How To Turn Leftover Chicken Into A Tasty Soup

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One benefit of making a complicated, classic dish like bouillabaisse, as I did last week, is that the process of making it becomes its own version of cooking school. You follow the steps but as you do so, you learn things. For example: making a fumet (or fish stock) may be labor-intensive but your efforts pay off later when that highly flavored broth is poured in with the tomatoes and onions and fish and takes your bouillabaisse over the moon. Why couldn’t I apply a similar strategy with leftover chicken and leftover chicken carcasses? Last week, that’s precisely what I did.

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Three Chicken Dinners: Meyer Lemon Stuffed Chicken Breast, Italian Sweet & Sour Chicken & Chicken with Lentils and Marsala Gravy

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If you cook the same thing over and over and over again, eventually you get really good at it.

That’s what happened with me and chicken: I’m really good at cooking it. And though there are many who find chicken boring, that’s usually because chicken, when stripped of its skin and bones, is, indeed, very boring. So the first rule is: never cook chicken without the skin or bones. The second rule is: be generous with salt. I’ve quoted this often, because I never forgot it; when Mario Batali had his old Food Network show he showered a raw chicken with salt and said: “No one ever says ‘this chicken’s too salty.'” He’s right–and that salt makes a huge difference.

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How To Fry Chicken For A Crowd

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When scheming of ways to dazzle your guests at a dinner party, fried chicken is often tossed aside as too difficult to pull off. And for good reason: if you fry chicken the traditional way, where you start it and finish it in a thick layer of hot oil, you can only fry a few pieces at a time and there’s a no way you can time it so that all of your guests get hot chicken at the same time. So you stick to more traditional dinner party fare–roast beef, leg of lamb–things you can throw in the oven and carve easily for your guests. But what if you COULD make fried chicken for a dinner party and have all the pieces–20 pieces in all–finish at the same time? Prepare yourself, then, gentle reader. I’m about to rock your world.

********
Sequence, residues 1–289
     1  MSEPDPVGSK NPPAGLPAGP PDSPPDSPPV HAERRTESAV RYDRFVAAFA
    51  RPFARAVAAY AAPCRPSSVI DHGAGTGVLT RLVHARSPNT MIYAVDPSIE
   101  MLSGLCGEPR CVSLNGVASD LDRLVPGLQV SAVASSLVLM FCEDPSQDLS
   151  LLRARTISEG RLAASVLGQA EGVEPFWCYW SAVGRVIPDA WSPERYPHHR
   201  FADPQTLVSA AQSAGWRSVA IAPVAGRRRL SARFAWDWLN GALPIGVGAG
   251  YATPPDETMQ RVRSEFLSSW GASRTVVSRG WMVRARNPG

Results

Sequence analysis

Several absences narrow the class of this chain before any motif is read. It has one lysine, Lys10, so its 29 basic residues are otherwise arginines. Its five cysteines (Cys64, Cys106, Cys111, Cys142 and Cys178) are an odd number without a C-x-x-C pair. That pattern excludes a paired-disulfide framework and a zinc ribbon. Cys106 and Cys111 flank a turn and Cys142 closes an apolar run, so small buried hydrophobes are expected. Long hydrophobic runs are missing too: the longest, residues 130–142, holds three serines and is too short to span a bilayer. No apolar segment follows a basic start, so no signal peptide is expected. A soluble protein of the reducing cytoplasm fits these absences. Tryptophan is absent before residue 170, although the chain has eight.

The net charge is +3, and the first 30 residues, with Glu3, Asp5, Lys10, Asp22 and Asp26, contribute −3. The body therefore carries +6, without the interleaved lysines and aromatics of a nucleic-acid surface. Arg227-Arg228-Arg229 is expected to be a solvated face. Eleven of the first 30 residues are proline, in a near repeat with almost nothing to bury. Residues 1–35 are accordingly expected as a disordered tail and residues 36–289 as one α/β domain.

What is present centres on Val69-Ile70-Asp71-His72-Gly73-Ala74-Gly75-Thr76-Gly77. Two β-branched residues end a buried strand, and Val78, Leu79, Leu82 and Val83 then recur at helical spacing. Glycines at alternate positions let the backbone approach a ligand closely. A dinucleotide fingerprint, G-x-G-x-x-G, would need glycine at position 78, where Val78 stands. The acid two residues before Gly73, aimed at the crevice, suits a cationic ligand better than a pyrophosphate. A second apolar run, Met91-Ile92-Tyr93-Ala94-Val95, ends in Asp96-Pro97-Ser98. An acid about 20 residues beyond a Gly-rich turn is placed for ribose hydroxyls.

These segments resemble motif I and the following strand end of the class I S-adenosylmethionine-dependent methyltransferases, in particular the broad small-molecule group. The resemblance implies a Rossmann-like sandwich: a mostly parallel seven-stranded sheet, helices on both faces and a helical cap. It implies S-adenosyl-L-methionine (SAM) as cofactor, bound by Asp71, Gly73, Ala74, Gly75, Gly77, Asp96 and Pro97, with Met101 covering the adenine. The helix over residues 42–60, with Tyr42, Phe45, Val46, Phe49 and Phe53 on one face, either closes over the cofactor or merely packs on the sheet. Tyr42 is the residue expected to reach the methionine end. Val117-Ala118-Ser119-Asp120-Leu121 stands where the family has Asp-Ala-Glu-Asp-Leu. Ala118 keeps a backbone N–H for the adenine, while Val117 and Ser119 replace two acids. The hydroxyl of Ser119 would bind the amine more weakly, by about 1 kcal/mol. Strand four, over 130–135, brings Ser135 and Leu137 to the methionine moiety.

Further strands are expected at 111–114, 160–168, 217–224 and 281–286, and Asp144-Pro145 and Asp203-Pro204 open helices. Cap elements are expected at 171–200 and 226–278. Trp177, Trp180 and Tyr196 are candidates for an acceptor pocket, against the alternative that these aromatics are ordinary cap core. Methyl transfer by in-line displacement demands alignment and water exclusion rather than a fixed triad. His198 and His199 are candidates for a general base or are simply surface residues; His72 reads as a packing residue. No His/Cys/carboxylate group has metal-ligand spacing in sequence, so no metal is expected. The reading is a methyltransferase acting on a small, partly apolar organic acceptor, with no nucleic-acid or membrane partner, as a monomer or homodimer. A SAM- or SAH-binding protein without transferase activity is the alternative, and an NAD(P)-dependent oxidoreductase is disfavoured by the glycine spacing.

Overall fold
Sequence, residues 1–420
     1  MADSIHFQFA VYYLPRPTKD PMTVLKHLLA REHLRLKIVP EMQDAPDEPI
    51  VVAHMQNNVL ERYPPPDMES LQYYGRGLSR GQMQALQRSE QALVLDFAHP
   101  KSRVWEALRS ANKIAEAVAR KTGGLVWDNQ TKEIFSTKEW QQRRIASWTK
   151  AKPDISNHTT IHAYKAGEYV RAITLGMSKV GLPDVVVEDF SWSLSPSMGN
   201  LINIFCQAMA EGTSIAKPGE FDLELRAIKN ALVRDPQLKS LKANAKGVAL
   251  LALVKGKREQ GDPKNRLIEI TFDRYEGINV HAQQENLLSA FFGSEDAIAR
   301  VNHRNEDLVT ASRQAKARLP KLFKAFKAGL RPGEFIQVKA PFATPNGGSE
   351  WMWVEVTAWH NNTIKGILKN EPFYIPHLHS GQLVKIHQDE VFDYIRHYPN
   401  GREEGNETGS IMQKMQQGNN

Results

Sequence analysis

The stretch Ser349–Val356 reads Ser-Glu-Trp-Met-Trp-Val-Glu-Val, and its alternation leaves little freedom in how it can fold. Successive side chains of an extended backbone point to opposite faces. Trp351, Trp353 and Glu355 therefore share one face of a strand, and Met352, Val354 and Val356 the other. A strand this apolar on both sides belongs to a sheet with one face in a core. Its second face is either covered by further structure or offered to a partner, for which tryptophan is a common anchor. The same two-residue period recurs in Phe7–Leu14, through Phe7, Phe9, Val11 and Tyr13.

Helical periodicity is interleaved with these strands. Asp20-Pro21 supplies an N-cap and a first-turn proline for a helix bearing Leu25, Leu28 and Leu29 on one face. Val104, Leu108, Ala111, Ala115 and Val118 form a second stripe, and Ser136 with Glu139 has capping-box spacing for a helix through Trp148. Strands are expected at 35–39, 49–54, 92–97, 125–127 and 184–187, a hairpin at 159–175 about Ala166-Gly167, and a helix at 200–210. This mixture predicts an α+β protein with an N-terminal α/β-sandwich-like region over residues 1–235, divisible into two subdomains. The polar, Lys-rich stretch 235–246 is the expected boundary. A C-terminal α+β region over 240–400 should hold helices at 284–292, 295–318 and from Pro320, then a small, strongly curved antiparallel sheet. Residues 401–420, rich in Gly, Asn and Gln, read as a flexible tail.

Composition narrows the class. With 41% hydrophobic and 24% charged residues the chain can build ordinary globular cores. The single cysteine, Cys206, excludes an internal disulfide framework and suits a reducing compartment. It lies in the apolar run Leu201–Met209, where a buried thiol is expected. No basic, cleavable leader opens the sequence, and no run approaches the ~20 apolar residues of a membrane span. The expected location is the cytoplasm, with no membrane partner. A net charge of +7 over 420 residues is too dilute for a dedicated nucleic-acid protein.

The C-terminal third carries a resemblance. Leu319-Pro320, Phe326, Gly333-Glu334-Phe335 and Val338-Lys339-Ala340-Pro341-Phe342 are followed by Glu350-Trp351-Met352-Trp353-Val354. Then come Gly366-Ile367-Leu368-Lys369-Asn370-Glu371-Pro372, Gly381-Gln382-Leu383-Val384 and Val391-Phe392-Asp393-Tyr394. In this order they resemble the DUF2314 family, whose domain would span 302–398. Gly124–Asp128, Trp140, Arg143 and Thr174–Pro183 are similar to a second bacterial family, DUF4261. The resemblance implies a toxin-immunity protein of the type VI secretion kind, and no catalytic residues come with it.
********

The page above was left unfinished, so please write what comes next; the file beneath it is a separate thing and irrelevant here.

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One Chicken, Two Dinners (Roast Chicken with Parsnips & Potatoes / A Chicken Burrito) + Stock

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When I was writing my first book, I had a chapter called “Stretch a Chicken” in which I was going to try to stretch one chicken over as many meals as I could. That chapter never materialized but last week I found myself stretching a chicken without really thinking about it. I made two dinners and froze the carcass for chicken stock. Both dinners were excellent and, because I used the same chicken, relatively cheap. Here’s what I did.

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Spatchcocked Chicken

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Have you spatchcocked your chicken lately?

For a long time, I’ve roasted my chickens the traditional way–sometimes trussing, sometimes not; sometimes stuffing with Meyer lemons, sometimes sprinkling with fennel seeds & cayenne pepper–but almost always keeping it whole. Then I read J. Kenji Lopez-Alt’s article on Serious Eats: “How (Not) To Roast a Chicken.” In his amusing and scientific way, Kenji explains why roasting chicken the traditional way (the way I normally roast) leaves you with a dry breast and undercooked thighs. If you want the chicken to cook evenly, you’ve gotta spatchcock.

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Meyer Lemon Chicken & Asparagus

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There are two dishes referenced in Kim Severson’s “Spoon Fed” that don’t have corresponding recipes: the first is a chicken stuffed with Meyer lemons, the other is something called a “Jewish muffin.” I haven’t had any luck parsing the mysteries of the Jewish muffin, but after an exchange on Twitter I was able to extract from Kim a Tweetcipe for the chicken: “Meyer lemons, cut in half, shoved inside a well-seasoned chicken along with some fresh parsley and maybe thyme.”

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Thomas Keller’s Roast Chicken with Root Vegetables

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Roasting a chicken is a very personal thing; those of us who are regular chicken roasters (and, in the winter, roasting a chicken is almost a weekly act for me) know what we like. For me, that’s a combination of fennel seeds, cayenne pepper, and kosher salt on the outside of the skin and thyme stuffed inside (see here). That recipe comes from the Chez Panisse cookbook and no matter how many other roast chicken recipes I try–the River Cottage one, for example–no chicken has been able to unseat the Chez Panisse chicken. That is, until last week.

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